At the Fall Board of Trustees meeting last weekend, the University released its long-awaited endowment figures for the 2018 fiscal year. As reported by DUMAC, the organization tasked with overseeing Duke’s investments, the University’s total endowment now stands at a whopping $8.5 billion, up from last year’s record high of $7.9 billion. Buoyed on by relatively strong growth rates in the private financial sectors—especially the stock market—Duke drew in a 12.9 percent return on its investments, far exceeding the average 8.3 percent gain reported by endowments of all sizes in fiscal 2018 so far.
Duke, like most research universities, derives a large part of its annual budget and operating expenses directly from its endowment. Consequently, the financial health of the University, and its operations, is directly correlated with the health of its endowment. When the endowment experienced a nearly 20 percent reduction in market value in fiscal 2009—a casualty of the early Great Recession—Duke cut back on a number of projects, including a plan to renovate Central Campus and plans to expand financial aid. Given the relative financial robustness of our current endowment, it makes sense that we should take advantage of our newly-grown dollars to improve the quality of the University, striving to spend more on the various facets of the Duke experience that seem somewhat lacking.
Financial aid represents one such category that could benefit from the injection of our new endowment dollars. Recently, institutions possessing lesser endowments than Duke’s have announced drastic improvements in their financial aid programs. Rice University—with an endowment of less than $6 billion—announced only a few weeks ago that it will begin providing full-tuition scholarships for every student whose families earn less than $130,000 a year. Most of our peer institutions that possess endowments comparable to, or much less than, $8.5 billion—Northwestern, Brown and Vanderbilt to name a few—boast no-loan financial aid policies. Moreover, as reported by the Chronicle in 2015, Duke’s average cost of $28,058 (at the time) exceeded average costs at Georgetown and Johns Hopkins, despite Duke’s endowment far exceeding both peer institutions’ ($3.5 billion and $1.5 billion respectively).
Responding to the Chronicle in 2015, Alison Rabil, director of financial aid, noted that “Until we are in a financial position to expand our award parameters, I don’t believe we will be changing our packages or expanding our policies anytime in the near future.” With an $8.5 billion endowment, is it finally time to use our financial position to expand our award parameters?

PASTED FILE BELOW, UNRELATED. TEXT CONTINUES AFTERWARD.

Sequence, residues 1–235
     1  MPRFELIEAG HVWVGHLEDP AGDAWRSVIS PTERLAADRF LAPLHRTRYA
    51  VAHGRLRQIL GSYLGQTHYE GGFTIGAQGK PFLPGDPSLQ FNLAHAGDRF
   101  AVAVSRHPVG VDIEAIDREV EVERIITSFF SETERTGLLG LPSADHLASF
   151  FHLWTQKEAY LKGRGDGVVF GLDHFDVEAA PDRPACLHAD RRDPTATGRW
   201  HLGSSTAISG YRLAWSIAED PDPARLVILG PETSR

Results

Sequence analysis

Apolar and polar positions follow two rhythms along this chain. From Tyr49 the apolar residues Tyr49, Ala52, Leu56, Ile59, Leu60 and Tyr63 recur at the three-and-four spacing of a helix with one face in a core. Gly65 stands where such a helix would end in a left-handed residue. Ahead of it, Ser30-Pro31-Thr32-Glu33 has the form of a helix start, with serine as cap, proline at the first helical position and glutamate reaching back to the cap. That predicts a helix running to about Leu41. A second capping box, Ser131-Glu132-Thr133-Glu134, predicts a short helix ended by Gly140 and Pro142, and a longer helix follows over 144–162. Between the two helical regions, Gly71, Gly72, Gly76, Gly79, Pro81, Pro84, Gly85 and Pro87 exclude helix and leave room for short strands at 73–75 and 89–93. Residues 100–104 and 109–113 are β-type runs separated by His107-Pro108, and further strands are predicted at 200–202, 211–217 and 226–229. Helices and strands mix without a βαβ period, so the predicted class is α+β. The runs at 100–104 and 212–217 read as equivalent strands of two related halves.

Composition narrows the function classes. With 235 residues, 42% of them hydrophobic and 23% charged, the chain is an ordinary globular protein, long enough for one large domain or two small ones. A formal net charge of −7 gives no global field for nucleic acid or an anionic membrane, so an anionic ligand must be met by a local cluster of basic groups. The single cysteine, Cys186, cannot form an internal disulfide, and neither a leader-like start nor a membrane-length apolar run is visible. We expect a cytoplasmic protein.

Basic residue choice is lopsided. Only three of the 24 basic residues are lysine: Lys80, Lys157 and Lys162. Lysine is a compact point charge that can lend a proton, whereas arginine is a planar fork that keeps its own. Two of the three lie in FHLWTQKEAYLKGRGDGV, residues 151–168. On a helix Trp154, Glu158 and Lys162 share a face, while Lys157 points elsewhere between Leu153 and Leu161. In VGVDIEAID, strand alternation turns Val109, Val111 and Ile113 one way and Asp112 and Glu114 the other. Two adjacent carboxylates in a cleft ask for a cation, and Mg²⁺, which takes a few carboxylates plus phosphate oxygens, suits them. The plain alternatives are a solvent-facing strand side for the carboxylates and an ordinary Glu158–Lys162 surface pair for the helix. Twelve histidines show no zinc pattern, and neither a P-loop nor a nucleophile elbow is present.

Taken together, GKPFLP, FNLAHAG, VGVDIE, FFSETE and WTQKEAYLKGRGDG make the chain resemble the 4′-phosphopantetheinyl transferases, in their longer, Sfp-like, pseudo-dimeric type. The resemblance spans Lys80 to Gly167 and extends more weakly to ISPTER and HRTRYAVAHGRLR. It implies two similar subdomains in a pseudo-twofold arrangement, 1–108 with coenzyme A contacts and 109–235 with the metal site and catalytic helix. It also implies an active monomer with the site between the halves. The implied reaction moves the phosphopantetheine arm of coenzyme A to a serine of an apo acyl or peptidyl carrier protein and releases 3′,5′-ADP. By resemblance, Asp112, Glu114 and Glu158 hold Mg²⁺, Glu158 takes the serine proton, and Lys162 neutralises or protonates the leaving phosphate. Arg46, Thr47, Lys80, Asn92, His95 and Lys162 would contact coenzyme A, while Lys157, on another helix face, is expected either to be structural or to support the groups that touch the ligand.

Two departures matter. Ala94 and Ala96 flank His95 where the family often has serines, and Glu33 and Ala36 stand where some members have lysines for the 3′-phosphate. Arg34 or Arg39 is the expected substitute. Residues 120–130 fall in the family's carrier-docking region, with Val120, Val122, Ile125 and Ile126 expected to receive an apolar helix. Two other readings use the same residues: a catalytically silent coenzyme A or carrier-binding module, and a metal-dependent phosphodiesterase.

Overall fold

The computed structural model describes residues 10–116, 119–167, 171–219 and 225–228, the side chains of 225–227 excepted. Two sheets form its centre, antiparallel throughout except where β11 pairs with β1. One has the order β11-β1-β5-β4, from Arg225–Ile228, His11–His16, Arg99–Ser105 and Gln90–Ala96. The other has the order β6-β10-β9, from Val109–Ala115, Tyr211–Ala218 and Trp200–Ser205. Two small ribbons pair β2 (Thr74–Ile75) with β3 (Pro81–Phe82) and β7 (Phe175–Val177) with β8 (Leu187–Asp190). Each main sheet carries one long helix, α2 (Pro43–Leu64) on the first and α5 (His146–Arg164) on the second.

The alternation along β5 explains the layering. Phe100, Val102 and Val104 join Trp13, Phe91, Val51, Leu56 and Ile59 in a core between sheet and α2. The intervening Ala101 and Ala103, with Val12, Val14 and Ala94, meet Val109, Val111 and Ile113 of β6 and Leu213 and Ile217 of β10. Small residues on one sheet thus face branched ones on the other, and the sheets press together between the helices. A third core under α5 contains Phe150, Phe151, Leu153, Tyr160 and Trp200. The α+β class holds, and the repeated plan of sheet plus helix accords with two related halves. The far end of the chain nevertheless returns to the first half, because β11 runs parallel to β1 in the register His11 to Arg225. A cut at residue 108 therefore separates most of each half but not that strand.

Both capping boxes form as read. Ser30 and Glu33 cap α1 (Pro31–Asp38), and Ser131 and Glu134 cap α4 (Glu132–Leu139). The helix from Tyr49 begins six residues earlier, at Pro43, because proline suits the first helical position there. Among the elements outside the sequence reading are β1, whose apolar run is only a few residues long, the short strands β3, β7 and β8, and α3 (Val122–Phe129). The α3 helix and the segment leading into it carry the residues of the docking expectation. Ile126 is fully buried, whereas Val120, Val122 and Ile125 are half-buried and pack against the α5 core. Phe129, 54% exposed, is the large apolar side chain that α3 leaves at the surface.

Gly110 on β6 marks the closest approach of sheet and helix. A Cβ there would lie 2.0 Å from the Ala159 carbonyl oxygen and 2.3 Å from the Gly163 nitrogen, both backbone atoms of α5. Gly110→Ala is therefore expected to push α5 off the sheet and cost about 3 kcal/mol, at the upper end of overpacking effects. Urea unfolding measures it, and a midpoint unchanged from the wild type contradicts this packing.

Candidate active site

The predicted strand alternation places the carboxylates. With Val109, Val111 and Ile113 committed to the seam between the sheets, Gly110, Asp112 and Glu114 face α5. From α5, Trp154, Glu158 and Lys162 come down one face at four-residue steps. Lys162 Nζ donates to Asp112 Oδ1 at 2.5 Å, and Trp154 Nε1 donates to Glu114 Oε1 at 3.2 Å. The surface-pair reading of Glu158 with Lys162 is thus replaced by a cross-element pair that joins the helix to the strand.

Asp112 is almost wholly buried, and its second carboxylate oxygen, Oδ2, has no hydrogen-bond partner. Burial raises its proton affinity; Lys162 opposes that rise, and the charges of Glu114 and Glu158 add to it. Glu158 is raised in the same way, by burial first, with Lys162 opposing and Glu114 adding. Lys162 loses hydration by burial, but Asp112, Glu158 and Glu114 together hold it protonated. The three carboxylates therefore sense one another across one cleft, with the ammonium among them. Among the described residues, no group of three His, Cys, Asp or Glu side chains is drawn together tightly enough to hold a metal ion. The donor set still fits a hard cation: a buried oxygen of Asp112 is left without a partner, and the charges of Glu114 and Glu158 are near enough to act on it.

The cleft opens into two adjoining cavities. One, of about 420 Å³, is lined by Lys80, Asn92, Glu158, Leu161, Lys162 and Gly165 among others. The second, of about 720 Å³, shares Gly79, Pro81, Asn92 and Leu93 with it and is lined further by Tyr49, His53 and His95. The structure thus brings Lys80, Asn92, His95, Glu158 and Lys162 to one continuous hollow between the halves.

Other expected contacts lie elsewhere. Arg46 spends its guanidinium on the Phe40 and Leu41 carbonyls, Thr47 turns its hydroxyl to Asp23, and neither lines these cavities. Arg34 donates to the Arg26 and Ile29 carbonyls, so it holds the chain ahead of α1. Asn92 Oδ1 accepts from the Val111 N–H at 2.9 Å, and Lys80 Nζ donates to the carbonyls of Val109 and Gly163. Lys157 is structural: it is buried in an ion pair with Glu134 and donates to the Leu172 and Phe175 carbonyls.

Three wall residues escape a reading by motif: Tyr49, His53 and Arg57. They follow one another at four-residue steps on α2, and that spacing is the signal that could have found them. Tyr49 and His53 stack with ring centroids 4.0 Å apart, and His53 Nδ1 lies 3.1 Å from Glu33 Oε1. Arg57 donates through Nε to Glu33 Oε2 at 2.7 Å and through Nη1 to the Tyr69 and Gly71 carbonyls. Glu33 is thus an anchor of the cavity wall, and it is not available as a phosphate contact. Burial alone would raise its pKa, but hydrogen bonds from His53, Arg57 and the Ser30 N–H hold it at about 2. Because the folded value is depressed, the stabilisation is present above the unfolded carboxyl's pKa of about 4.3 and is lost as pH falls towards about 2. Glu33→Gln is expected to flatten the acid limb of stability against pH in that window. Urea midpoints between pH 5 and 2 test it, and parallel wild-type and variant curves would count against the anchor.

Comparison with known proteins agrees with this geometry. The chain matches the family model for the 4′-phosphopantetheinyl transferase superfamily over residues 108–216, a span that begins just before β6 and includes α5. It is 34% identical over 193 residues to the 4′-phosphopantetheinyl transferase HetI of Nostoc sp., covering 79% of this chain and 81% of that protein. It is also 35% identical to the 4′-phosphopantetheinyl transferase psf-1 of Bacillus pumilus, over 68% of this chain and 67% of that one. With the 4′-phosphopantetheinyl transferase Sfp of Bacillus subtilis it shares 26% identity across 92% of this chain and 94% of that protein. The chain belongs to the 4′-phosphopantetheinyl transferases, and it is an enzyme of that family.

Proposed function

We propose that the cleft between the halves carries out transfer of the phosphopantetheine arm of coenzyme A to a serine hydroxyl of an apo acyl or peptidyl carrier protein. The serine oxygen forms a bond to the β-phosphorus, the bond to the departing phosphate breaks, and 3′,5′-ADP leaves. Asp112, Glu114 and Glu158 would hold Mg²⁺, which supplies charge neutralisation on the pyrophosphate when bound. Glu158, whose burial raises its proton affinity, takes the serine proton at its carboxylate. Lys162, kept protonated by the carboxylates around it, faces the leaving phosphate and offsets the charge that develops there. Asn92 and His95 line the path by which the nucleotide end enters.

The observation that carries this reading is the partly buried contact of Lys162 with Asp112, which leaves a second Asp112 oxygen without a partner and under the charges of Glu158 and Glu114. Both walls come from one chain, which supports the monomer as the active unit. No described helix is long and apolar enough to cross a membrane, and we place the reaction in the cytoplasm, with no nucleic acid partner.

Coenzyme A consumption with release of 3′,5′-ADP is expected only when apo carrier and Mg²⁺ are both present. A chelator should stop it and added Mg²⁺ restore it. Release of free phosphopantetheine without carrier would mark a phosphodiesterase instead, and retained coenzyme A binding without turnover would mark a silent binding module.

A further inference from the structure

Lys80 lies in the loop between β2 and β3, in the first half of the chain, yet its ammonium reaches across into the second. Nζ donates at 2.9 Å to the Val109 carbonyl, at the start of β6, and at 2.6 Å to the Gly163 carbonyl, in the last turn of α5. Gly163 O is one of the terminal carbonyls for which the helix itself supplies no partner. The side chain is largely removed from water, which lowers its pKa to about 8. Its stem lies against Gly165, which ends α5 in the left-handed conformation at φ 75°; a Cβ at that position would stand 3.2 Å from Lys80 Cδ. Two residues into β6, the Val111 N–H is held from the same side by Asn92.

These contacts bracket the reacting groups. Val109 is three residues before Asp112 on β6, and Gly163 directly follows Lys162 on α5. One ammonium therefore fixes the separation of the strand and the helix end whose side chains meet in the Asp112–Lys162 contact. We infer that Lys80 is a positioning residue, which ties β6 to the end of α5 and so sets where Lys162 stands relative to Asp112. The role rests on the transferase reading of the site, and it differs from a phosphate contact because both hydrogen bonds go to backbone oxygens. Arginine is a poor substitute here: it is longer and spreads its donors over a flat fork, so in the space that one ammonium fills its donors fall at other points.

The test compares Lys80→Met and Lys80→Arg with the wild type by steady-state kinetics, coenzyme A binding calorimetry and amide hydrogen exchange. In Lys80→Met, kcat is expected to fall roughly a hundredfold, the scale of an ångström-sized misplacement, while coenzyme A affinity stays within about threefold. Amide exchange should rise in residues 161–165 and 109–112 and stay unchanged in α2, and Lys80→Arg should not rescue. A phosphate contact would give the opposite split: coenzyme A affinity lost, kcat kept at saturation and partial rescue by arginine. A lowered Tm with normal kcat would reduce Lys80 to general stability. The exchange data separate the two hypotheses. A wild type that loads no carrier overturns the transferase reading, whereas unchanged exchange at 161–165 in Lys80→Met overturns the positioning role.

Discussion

In the ever-growing college admissions arms race, there has been a growing trend in higher education toward improving campus amenities at the expense of more important academic concerns. To attract the so-called “best” students, universities are spending more and more of their operating costs on gourmet dining, luxury housing and other facets of campus life that do not necessarily contribute to a better academic environment. Massage chairs in Edens, a movie theater in Trinity and a gelato vendor in West Union are nice, but they do not represent the most pressing concerns that Duke faces as a research institution in the 21st century. Funding more tenure-track academic positions, improving graduate student stipends, constructing livable (not necessarily the most luxurious) dorms and improving other more pertinent matters central to the University’s mission should be the focus of our new endowment wealth.
Finally, as an institution with an $8.5 billion endowment, we should look closely at our investments and discern whether or not they truly align with the mission statement of Duke University. Last year, via the infamous Paradise Papers, it came to light that Duke possessed a number of investments in Ferrous Resources, an iron mining company in Brazil with a somewhat problematic environmental record. Given the opacity and size of the university’s many investments, it is perhaps impossible to determine if every facet of Duke’s multi-billion endowment has been invested in a socially responsible manner. However, Duke’s status as an international, non-profit research university dedicated to “Knowledge in the Service in Society,” should deter us from investing in explicitly problematic industries and areas of the world. Duke’s successful divestment from Apartheid-era South Africa in 1986 and Sudan in 2008 should act as models of socially responsible investing for the University moving forward into the 21st century.
$8.5 billion should not just represent some abstract measurement of institutional worth for us in the Duke community. More than just an arbitrary mathematical variable in the many college rankings Duke is a part of, our endowment has the ability to directly improve our quality of education and life as students and community members at a major research university. Financial aid, socially responsible investing (and divesting) and other important areas of the institutional infrastructure would benefit greatly from the infusion of our new endowment wealth.
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